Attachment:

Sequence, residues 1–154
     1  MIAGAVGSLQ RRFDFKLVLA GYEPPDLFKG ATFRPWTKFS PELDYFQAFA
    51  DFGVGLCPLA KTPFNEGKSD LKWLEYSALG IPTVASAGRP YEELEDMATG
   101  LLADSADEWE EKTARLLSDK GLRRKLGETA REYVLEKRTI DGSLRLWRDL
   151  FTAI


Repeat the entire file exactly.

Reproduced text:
Sequence, residues 1–154
     1  MIAGAVGSLQ RRFDFKLVLA GYEPPDLFKG ATFRPWTKFS PELDYFQAFA
    51  DFGVGLCPLA KTPFNEGKSD LKWLEYSALG IPTVASAGRP YEELEDMATG
   101  LLADSADEWE EKTARLLSDK GLRRKLGETA REYVLEKRTI DGSLRLWRDL
   151  FTAI